Challenging Traditional Mass

Production with 3D Printing

News from the 3D printing industry | 7 July 2017

Carbon 3D has successfully produced 3D printers that are poised as a serious alternative to traditional manufacturing methods. Dr DeSimone, Carbon’s CEO and cofounder, describes their Digital Light Synthesis (DLS) process as “a software-controlled chemical reaction to grow parts”. This process could potentially solve the issues faced by existing 3D printing companies by vastly improving printing speed and creating a stronger product with a reduced need for processing after it is printed. Dr DeSimone claims that DLS prints up to 100 times faster than current polymer-based printers in the market.

Plastic injection moulding, a manufacturing process that has been around for almost 150 years may now be finally uprooted. Although injection moulding may be fast and accurate, it usually is only viable when there are very large orders of the same product as moulds can be very costly. 3D printers however, are not restricted by this as the ease of customisation allows a single 3D printer to print a multitude of different products. Be it production in small batches or vast quantities, there is no change in the actual hardware required.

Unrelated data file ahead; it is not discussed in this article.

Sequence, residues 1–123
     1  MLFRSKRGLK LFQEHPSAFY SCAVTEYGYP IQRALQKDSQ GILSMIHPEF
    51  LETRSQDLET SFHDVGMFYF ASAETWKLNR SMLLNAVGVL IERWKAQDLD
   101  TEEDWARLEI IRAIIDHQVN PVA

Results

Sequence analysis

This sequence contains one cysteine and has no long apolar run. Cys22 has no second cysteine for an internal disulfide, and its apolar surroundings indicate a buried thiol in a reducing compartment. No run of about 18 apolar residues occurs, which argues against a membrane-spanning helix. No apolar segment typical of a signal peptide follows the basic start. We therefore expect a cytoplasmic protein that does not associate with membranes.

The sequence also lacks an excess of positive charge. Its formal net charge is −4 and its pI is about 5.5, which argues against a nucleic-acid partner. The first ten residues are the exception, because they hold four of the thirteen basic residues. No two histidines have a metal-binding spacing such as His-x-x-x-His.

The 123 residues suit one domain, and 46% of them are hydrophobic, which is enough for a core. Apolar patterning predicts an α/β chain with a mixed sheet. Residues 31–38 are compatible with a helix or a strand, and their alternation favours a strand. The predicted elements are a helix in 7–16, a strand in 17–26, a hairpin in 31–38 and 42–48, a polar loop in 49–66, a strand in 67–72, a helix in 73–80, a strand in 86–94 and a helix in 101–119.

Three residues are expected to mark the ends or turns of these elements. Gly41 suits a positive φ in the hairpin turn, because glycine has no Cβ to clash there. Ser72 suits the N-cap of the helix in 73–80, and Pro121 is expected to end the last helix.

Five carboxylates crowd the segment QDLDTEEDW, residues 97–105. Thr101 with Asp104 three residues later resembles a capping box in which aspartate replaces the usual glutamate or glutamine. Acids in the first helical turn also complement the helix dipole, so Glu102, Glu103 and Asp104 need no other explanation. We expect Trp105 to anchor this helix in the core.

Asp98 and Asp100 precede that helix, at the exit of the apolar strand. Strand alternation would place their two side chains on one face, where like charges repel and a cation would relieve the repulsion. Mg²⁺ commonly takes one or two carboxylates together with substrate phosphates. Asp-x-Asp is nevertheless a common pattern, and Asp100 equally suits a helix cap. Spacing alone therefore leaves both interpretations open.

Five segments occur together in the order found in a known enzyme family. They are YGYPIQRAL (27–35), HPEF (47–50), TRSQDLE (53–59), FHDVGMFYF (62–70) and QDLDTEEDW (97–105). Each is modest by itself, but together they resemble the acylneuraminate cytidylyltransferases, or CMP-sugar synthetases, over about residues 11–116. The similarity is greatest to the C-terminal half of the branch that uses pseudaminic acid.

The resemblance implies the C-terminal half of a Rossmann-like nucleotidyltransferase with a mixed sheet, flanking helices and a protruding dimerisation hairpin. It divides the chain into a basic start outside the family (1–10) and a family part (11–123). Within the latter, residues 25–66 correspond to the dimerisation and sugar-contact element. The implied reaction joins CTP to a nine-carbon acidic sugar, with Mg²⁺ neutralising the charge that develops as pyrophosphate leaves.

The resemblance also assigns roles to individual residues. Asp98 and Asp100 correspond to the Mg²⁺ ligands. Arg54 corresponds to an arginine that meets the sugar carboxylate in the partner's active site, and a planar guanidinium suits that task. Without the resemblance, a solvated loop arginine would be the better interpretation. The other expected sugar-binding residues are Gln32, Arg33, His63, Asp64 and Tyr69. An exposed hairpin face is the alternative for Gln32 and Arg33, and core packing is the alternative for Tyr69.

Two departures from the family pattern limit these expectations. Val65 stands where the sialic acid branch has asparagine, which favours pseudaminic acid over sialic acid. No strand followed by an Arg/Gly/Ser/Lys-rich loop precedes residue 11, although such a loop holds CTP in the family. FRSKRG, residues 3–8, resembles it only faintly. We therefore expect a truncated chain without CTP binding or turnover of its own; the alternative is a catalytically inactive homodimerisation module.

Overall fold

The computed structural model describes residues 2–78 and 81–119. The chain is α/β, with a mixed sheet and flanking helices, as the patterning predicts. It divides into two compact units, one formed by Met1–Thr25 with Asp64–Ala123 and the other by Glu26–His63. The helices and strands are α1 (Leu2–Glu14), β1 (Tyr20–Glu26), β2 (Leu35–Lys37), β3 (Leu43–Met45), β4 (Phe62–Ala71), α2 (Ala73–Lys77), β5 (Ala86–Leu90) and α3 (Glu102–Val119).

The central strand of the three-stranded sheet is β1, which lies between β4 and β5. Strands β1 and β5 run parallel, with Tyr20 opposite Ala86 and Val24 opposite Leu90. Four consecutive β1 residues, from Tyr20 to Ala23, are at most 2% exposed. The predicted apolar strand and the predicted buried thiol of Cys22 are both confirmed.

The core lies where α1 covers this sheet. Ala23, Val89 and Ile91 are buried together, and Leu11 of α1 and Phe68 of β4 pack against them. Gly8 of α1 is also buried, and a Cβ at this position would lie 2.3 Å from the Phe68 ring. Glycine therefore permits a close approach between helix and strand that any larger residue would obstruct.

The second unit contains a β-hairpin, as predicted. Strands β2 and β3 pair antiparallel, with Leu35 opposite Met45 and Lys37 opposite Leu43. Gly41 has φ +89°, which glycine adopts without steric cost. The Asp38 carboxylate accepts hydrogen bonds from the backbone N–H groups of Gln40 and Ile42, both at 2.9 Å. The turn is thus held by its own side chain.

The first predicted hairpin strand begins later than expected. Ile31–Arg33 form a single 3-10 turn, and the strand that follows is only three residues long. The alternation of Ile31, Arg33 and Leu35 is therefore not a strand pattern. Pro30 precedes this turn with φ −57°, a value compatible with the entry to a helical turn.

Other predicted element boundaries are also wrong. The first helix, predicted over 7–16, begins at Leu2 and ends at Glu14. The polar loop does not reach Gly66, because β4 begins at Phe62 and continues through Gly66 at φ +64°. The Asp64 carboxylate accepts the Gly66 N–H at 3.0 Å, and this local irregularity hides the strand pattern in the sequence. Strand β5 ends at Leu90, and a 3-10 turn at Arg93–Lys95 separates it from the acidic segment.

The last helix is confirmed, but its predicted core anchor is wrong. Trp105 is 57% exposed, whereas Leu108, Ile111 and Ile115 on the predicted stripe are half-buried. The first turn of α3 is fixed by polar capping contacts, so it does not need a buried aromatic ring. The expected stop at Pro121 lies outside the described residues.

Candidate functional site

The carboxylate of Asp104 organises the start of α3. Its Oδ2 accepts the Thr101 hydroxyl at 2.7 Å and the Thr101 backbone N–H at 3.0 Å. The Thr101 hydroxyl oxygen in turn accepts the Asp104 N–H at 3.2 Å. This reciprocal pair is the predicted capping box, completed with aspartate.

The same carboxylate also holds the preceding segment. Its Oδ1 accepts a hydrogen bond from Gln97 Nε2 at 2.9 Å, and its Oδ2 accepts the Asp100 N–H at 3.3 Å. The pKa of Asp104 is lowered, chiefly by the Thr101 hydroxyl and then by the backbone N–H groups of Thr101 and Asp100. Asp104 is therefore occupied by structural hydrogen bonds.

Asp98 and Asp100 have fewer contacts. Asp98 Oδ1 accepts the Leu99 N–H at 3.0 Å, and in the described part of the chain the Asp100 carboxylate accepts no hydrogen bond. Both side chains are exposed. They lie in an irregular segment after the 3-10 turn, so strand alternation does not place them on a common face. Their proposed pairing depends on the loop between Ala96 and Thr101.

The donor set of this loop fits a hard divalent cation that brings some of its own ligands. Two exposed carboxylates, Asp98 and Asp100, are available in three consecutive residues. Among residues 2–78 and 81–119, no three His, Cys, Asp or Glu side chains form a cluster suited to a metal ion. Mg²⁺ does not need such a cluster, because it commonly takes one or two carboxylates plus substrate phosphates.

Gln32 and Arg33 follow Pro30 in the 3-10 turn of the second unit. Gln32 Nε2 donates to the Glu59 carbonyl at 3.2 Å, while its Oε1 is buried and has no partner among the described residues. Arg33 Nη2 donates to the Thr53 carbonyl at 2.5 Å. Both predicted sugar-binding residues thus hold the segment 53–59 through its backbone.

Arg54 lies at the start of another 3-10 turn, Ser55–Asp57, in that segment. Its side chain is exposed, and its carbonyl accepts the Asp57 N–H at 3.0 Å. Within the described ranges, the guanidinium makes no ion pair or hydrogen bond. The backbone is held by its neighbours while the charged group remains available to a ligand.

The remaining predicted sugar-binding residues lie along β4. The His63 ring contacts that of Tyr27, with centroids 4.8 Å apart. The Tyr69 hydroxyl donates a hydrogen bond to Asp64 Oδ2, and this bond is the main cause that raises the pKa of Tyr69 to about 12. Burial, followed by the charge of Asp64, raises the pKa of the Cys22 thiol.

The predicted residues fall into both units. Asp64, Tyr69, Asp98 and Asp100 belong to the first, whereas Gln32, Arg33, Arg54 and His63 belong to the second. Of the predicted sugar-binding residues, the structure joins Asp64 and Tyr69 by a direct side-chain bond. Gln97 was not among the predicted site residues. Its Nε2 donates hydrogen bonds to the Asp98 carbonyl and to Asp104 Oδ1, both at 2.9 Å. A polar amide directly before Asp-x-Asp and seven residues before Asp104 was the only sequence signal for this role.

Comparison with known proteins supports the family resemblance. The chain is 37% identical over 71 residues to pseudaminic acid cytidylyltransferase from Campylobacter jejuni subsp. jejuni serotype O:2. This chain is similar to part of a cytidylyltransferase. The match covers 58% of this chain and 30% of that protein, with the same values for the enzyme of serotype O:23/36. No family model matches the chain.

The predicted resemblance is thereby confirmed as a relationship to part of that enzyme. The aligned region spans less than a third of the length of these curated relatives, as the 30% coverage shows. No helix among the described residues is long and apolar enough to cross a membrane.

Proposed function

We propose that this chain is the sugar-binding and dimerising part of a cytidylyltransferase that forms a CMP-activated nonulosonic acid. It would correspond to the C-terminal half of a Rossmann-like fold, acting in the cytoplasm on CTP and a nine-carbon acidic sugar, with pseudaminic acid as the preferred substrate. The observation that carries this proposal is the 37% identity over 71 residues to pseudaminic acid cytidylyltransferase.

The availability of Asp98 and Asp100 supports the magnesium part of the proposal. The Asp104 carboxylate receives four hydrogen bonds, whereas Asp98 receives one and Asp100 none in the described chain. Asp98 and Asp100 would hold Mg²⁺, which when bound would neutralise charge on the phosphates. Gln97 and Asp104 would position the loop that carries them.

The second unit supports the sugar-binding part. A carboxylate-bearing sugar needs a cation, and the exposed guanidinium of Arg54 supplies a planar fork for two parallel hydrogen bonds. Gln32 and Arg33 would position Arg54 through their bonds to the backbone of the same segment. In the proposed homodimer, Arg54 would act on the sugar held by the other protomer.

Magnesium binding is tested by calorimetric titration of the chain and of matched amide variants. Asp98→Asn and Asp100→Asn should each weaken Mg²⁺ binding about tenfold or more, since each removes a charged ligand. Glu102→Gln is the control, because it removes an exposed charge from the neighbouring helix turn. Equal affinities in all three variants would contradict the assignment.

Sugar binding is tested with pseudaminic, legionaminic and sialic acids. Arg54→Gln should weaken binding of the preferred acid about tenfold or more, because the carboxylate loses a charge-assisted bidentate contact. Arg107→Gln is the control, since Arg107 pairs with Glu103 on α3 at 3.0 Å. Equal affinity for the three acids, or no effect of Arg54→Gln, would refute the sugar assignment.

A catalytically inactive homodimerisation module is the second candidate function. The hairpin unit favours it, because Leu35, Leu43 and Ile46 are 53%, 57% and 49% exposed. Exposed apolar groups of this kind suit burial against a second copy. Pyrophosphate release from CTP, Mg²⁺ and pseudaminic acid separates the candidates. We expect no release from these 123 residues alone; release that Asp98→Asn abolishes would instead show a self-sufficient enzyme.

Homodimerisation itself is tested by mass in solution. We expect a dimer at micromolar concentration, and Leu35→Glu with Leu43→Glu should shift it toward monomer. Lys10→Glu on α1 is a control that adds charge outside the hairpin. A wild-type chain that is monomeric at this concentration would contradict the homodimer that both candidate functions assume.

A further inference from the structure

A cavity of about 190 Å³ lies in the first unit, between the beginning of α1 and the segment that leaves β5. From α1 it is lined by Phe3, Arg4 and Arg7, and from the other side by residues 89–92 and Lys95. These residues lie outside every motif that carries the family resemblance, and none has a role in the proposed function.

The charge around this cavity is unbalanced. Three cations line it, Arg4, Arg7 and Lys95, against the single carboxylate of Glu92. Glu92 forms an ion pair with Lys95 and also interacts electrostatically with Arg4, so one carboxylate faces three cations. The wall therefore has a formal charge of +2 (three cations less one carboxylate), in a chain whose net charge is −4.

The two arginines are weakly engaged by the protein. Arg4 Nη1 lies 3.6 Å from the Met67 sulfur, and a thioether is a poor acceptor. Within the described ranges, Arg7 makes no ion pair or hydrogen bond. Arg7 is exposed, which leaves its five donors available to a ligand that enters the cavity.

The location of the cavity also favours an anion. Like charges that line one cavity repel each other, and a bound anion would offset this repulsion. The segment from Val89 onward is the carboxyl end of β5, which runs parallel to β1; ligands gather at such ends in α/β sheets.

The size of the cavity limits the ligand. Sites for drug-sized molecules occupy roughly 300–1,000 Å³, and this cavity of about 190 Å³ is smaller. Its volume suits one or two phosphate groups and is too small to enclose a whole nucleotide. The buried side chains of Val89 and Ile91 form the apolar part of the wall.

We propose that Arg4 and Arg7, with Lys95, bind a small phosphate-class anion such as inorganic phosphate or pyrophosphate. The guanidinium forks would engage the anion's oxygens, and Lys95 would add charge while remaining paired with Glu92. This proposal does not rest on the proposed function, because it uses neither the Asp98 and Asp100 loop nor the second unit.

Essentially, this creates a flexibility that no manufacturing technology has been able to provide. Companies such as Caterpillar and John Deere are already collaborating with Carbon to utilise this technology in their spare parts management. The collaboration involves mainly moving physical warehouses chocked with spare parts to the online cloud where their designs can be downloaded and printed wherever and whenever they are needed.

Convenience aside, Spare Parts 3D has shown that 3D printing technology can reduce the cost of spare parts by up to 48%. Even the staunchest critic cannot deny that eventually, with the advancements in 3D printing, it will play an important role in shaping future manufacturing processes.

Spare Parts 3D and Carbon 3D share the common goal of digitalising physical warehouses. We believe 3D printing has a crucial role to play in manufacturing in the near future and seek to build together with our clients, the factories of the future.

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